option. Sadly, the primitives and API that AWS expose just don't match
well. The process is something like
- Download the AWS command line tools
- Start an instance
- Create, attach, and partition an EBS volume (we'll turn this into
an AMI once we get our unikernel on it)
- Copy the Xen unikernel over to the volume
- Create the GRUB entries... blablabla
- Create a snapshot of the volume ohmygod
- Register your AMI using the
pv-grub kernel id what was I doing again
- Start a new instance from the AMI
Unfortunately #3 means that we need to have a build machine that's
on the AWS network so that we can attach the volume, and we need to
SSH into the machine to do the heavy lifting. Also, we end up with a
lot of left over detritus - the volume, the snapshot, and the AMI. It
could be scripted at some point though.
GCE to the rescue!
GCE is Google's public computing
offering, and I currently can't recommend it highly enough. The
per-minute pricing model is a much better match for instances that
boot in less than 100ms, the interface is considerably nicer and
offers the equivalent REST API call for most actions you take, and the
primitives exposed in the API mean we can much more easily deploy a
unikernel. Win, win, win!
Xen -> KVM
There is a big potential show-stopper though: GCE uses the KVM
hypervisor instead of Xen, which is much, much nicer, but not
supported by Mirage as of the beginning of this year. Luckily, some
fairly crazy heroes (Dan Williams,
Ricardo Koller, and
Martin Lucina, specifically) stepped up and made it
happen with Solo5!
Solo5 Unikernel implements a unikernel base, or the lowest layer of
code inside a unikernel, which interacts with the hardware
abstraction exposed by the hypervisor and forms a platform for
building language runtimes and applications. Solo5 currently
interfaces with the MirageOS ecosystem, enabling Mirage unikernels
to run on either Linux KVM/QEMU
I highly recommend checking out a replay of the great webinar the
authors gave on the topic
https://developer.ibm.com/open/solo5-unikernel/ It'll give you a sense
of how much room for optimization and cleanup there is as our hosting
Now that we have KVM kernels, we can test them locally fairly easily
using QEMU, which shortens the iterations while we dealt with teething
on the new platform. The
Bootable disk image
This was just on the other side of my experience/abilities,
personally. Constructing a disk image that would boot a custom
(non-Linux) kernel isn't something I've done before, and I struggled
to remember how the pieces fit together. Once again, @mato came to the
rescue with a
lovely little script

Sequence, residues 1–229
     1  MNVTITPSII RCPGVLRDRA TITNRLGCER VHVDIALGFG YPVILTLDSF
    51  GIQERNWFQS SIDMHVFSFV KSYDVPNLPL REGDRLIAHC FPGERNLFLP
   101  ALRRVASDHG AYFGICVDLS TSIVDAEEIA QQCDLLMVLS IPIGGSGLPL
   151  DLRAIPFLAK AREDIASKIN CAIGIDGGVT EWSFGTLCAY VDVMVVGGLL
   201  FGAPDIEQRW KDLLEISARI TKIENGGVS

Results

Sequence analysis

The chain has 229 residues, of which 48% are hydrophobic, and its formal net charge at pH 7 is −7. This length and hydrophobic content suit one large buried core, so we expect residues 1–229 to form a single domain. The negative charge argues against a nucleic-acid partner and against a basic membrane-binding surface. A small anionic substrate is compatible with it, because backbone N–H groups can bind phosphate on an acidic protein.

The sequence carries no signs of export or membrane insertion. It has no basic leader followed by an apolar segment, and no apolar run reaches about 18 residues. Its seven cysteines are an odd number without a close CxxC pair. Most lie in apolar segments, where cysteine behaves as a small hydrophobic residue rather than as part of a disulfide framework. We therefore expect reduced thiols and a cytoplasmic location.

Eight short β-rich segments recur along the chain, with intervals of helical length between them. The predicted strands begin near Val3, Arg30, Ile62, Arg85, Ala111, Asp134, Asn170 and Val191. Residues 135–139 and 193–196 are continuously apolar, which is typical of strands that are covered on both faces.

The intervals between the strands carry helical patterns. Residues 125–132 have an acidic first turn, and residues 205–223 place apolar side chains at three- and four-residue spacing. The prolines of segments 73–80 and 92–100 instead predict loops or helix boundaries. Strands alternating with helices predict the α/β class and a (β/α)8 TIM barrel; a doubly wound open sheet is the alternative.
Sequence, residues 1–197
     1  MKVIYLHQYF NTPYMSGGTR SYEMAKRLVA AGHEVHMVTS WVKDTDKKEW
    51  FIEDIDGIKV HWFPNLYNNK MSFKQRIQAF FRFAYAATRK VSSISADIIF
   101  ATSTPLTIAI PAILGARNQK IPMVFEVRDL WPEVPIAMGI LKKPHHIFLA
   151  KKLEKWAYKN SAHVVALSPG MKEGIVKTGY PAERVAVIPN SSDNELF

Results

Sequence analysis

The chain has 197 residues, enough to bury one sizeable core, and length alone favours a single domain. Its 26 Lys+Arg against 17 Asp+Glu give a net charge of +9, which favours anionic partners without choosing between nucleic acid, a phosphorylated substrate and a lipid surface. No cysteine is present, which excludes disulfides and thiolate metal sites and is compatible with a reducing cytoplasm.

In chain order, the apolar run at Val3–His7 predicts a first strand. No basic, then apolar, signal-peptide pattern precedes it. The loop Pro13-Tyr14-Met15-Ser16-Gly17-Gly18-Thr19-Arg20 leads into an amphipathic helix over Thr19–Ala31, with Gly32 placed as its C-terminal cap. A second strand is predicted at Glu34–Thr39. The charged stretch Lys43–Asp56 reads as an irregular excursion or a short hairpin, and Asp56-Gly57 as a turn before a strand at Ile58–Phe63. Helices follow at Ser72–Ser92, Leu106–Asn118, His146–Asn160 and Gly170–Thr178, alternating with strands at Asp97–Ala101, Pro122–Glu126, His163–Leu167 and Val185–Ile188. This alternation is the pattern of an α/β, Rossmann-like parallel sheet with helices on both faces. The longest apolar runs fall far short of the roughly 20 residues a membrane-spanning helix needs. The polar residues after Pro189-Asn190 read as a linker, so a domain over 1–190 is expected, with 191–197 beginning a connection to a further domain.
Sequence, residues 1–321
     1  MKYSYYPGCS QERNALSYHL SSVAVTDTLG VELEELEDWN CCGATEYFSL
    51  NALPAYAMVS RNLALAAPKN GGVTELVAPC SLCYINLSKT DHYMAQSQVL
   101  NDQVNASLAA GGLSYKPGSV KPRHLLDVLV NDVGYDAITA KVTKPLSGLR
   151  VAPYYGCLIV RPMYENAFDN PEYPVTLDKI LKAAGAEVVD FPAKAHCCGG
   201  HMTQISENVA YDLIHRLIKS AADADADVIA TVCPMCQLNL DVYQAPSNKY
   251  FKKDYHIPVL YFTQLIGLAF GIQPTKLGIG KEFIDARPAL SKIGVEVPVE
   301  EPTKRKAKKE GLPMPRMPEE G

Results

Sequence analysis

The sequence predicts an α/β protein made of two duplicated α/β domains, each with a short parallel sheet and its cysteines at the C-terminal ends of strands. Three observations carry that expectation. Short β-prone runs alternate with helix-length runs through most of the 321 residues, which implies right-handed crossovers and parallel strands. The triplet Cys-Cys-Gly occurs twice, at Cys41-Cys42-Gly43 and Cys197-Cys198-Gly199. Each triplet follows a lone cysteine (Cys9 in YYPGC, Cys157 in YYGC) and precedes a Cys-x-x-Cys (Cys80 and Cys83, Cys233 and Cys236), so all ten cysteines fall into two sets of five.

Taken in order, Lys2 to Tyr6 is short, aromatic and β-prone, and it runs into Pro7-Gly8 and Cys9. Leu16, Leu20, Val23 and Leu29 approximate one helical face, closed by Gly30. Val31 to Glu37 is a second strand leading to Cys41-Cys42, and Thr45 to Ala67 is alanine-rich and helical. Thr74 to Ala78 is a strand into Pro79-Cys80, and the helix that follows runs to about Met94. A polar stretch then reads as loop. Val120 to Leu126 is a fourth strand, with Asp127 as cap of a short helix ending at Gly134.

that does exactly what we need, no muss, no fuss.
Initially we had booting unikernels that printed to the serial console
just fine, but didn't seem to get any DHCP lease. The unikernel was
DHCP discover broadcasts,
but not getting anything in return, poor lil' fella. I then tried with
a hard-coded IP literally configured at compile time, and booted an
instance on GCE with a matching IP, and still nothing. Nearly the
entire Mirage stack is in plain OCaml though, including the
TCP/IP stack, so I was able
to add in plenty of debug log statements and see
tracked everything down to problems with the Virtio implementation,
The issue was that the vring sizes were hardcoded (not the buffer
length as I mentioned above). The issue with the vring sizes is kind
of interesting, the thing is that the virtio spec allows for
different sizes, but every single qemu we tried uses the same 256
len. The QEMU in GCE must be patched as it uses 4096 as the size,
which is pretty big, I guess they do that for performance reasons. -
I tried out the fixes, and we had a booting, publicly accessible
unikernel! However, it was extremely slow, with no obvious reason
why. Looking at the logs however, I saw that I had forgotten to remove
a ton of
logging per-frame. Careful
what you wish for with accessibility, I guess!
This was a deep rabbit hole. The
bug manifested as
error: exception (Invalid_argument "equal: abstract value"), which
seemed strange since the site worked on Unix and Xen backends, so
there shouldn't have been anything logically wrong with the OCaml
types, despite what the exception message hinted at. Read
for the full, thrilling detective work and explanation, but a
simplified version seems to be that portions of the OCaml/Solo5 code
were placed in between the bootloader and the entry point of the
program, and the bootloader zero'd all the memory in-between (as it
should) before handing control over to our program. So eventually our
program did some comparison of values, and a portion of the value had
at compile/link time been relocated and destroyed, and OCaml threw the
Finally, we have a booting, non-slow, publicly-accessible Mirage